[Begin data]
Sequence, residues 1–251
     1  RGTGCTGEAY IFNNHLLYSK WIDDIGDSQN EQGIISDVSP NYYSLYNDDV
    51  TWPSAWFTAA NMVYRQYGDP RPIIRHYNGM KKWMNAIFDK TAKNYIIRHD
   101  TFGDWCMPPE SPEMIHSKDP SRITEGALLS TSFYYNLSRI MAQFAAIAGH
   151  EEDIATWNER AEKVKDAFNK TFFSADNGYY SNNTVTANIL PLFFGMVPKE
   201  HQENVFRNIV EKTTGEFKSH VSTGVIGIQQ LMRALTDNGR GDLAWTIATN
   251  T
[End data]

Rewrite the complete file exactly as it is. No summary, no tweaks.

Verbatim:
Sequence, residues 1–251
     1  RGTGCTGEAY IFNNHLLYSK WIDDIGDSQN EQGIISDVSP NYYSLYNDDV
    51  TWPSAWFTAA NMVYRQYGDP RPIIRHYNGM KKWMNAIFDK TAKNYIIRHD
   101  TFGDWCMPPE SPEMIHSKDP SRITEGALLS TSFYYNLSRI MAQFAAIAGH
   151  EEDIATWNER AEKVKDAFNK TFFSADNGYY SNNTVTANIL PLFFGMVPKE
   201  HQENVFRNIV EKTTGEFKSH VSTGVIGIQQ LMRALTDNGR GDLAWTIATN
   251  T